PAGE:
"Außerdem wird es morgen Regen geben."

Translation:There will be rain tomorrow anyway.

November 13, 2013

24 Comments


https://www.duolingo.com/profile/Bikebreaker

Ausserdem also has the meaning "apart from that" which is different.

December 25, 2013

https://www.duolingo.com/profile/JackYakov

"anyway it will be rainy tomorrow" should be accepted

June 10, 2014

https://www.duolingo.com/profile/ElleLingo

But that changes it to an adjective.

May 18, 2015

https://www.duolingo.com/profile/michaelo19

"Außerdem" feels like the English expression for "other than that", as in "I eat and sleep. But other than that, I'm spending too many hours a day on DuoLingo." Does Außerdem work in that case, or is there another phrase for it?

November 25, 2014

https://www.duolingo.com/profile/Bikebreaker
November 25, 2014

https://www.duolingo.com/profile/Ringcycle

Außerdem is pretty close to the Spanish word además. So if you know what that means, that can help.

September 3, 2017

https://www.duolingo.com/profile/shifudoc

außerdem = moreover, so why is it marked wrong in this translation?

March 6, 2015

https://www.duolingo.com/profile/ReinerSelb

should be better than anyway anyway :)

November 1, 2017

https://www.duolingo.com/profile/collectedsoul

'It rained yesterday' would be 'Gestern hat es Regen gegeben'? The give format is necessary to describe rain?

January 29, 2014

https://www.duolingo.com/profile/Bikebreaker

Geben is part of "es gibt", meaning "there is". In this case, we are talking about the future so werden is used, here conjugated "es wird". Altogether this gives "Es wird Regen geben" = "There will be rain". The past tense equivalent would be "Es gab gestern Regen" or "Gestern gab es Regen" = "There was rain yesterday" Your sentence "Gestern hat es Regen gegeben" make sense but I doubt that anyone would say that. They seem to generally use "Es gab" for "There was".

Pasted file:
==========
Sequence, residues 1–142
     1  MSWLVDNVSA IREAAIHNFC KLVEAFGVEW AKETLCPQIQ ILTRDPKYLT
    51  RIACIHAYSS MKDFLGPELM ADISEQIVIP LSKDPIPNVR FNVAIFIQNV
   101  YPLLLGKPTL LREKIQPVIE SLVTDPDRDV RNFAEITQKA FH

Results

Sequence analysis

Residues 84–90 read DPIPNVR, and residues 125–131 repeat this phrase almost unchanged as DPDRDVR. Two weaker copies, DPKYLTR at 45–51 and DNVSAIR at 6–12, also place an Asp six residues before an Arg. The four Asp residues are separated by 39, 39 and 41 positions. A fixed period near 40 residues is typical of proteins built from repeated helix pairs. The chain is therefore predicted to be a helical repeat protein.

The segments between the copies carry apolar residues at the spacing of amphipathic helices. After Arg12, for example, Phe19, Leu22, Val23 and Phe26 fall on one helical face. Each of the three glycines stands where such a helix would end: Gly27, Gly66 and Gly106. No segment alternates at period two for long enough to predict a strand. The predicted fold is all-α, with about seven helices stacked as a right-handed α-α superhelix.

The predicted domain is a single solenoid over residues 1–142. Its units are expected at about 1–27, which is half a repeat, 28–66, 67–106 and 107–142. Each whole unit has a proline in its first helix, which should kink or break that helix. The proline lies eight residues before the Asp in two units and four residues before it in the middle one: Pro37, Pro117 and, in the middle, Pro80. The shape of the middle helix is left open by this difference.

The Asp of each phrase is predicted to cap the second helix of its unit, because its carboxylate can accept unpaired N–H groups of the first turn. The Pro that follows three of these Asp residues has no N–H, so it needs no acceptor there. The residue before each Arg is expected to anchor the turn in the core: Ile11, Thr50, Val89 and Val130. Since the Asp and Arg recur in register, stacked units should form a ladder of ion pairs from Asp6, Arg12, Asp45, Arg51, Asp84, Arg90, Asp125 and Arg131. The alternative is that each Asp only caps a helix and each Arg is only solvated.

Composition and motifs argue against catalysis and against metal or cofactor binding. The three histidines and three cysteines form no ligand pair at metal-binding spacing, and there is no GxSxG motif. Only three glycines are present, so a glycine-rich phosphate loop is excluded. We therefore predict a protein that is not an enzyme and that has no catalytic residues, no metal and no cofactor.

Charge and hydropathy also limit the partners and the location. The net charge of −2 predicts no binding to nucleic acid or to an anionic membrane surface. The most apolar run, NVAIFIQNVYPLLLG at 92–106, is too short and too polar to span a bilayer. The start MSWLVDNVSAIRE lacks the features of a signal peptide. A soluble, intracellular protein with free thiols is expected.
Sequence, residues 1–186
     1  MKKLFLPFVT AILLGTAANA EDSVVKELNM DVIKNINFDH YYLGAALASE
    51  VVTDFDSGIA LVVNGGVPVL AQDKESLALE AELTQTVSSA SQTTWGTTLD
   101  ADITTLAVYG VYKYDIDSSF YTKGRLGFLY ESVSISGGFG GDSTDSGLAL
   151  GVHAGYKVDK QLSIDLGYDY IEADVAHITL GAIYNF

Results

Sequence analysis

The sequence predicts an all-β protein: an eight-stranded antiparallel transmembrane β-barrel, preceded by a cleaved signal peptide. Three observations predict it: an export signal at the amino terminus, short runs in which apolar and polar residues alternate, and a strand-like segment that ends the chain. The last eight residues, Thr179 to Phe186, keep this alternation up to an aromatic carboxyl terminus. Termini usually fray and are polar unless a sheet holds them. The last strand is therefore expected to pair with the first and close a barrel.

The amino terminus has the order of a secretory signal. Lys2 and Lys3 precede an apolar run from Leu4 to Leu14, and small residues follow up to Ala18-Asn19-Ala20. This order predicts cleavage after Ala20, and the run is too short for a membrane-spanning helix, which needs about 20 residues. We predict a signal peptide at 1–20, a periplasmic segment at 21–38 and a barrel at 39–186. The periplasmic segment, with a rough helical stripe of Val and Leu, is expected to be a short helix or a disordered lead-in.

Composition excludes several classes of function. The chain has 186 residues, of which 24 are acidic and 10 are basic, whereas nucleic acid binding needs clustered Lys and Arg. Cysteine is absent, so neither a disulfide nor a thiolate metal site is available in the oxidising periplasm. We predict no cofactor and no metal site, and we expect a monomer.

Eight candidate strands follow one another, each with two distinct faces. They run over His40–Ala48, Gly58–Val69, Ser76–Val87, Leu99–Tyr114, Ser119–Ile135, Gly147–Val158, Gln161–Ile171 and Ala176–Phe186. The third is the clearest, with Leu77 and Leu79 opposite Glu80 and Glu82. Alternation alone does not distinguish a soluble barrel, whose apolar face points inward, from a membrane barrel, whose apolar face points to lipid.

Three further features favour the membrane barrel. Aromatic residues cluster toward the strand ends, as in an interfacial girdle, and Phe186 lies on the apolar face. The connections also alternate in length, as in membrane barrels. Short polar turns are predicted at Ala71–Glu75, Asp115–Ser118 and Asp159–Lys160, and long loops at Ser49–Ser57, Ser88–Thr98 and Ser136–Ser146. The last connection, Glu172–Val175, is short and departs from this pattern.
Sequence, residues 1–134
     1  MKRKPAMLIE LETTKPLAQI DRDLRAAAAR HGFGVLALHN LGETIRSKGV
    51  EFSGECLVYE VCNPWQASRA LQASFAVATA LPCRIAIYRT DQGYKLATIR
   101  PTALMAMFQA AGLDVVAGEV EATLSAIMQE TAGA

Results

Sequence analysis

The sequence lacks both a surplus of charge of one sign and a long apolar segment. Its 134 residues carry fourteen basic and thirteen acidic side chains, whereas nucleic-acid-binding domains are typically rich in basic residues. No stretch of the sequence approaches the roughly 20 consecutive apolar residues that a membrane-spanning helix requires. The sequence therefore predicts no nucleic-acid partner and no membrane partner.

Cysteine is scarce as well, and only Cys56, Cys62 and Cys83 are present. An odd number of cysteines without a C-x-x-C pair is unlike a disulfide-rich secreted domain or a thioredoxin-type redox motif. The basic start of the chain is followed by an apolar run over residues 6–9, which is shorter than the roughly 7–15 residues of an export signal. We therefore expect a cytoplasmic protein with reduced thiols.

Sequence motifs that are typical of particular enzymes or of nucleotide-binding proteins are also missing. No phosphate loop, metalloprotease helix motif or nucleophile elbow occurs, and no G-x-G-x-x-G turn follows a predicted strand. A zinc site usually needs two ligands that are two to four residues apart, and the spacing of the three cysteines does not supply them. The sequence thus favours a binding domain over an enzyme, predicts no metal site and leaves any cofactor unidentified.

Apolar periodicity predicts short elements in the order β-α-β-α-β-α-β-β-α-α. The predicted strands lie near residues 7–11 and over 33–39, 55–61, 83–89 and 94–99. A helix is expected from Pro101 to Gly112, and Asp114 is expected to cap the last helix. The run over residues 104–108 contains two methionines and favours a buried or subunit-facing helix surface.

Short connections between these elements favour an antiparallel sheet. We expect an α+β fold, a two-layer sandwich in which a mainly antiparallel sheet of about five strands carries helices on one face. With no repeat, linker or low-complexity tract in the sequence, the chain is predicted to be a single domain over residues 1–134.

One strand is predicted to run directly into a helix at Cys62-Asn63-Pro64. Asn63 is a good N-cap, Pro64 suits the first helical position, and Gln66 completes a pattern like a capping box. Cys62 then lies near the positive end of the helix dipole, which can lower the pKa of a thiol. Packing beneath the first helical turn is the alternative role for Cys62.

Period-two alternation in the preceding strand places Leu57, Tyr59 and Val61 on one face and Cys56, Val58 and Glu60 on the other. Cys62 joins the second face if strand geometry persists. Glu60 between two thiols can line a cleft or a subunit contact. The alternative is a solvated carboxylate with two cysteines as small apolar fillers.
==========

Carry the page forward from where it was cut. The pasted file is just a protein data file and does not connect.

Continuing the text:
February 5, 2014

https://www.duolingo.com/profile/labinsky

Es regnete

February 4, 2014

https://www.duolingo.com/profile/greenfire315

Can außerdem also mean "despite that"?

November 13, 2013

https://www.duolingo.com/profile/aalzateg

despite that = trotzdem

November 13, 2013

https://www.duolingo.com/profile/denamyte

I think, außerdem rather means 'in addition', 'also', 'with it', 'as well', there is no any opposition to something as it is in 'despite that'.

September 19, 2017

https://www.duolingo.com/profile/PushythePirate1

'anyway' isn't in the possibilities for Ausserderm (I don't know how to make the letter on my keyboard). I put in 'It will rain tomorrow also' and it was marked wrong. 'Also' is given as one of the translations for Ausserderm.

November 3, 2017

https://www.duolingo.com/profile/PushythePirate1

it accepted 'It will also rain tomorrow' when it came up again (since I got it 'wrong' the first time)

November 3, 2017

https://www.duolingo.com/profile/breezeinfl

to me it sounds like a question and I answered it " anyway, will it rain tomorrow" of course it was marked wrong and I don't quite get it.

June 15, 2014

https://www.duolingo.com/profile/Bikebreaker

It sounds like a question because "wird" comes before "es" - "Wird es morgen Regen geben?" is a question. But here the reason "wird" comes before "es" is because "Außerdem" is first and the verb must be second.

June 16, 2014

https://www.duolingo.com/profile/breezeinfl

thanks for the explanation but my head still thinks the correct way to write the german sentence is "Ausserdem,es wird morgen Regen geben. To mean in English " it will rain tomorrow anyway.

June 16, 2014

https://www.duolingo.com/profile/Bikebreaker

Yeah, I know. That's just one of the things you have to get used to if you are an English speaker learning German. The verb comes second. "Morgen, wird es Regen geben." "Gestern, hat es Regen gegeben."

June 16, 2014

https://www.duolingo.com/profile/Sack11
  • 1437

What is the use of geben here.? Can it just be Außerdem wird es morgen Regen?

August 11, 2014

https://www.duolingo.com/profile/Bikebreaker

"Es gibt" - "it gives" is just how you say "there is" in German.

August 11, 2014

https://www.duolingo.com/profile/Sack11
  • 1437

Thanks for explaining that :)

August 12, 2014

https://www.duolingo.com/profile/Bikebreaker

I suddenly see that you want to use Regen as a verb. "regnen" is, in fact, a verb so you could definitely say "Morgen, regnet es." and I think this is more common usage. So altogether, "Außerdem, wird es morgen regnen" or "Außerdem, regnet es morgen." (using the present tense to indicate the future).

November 25, 2014
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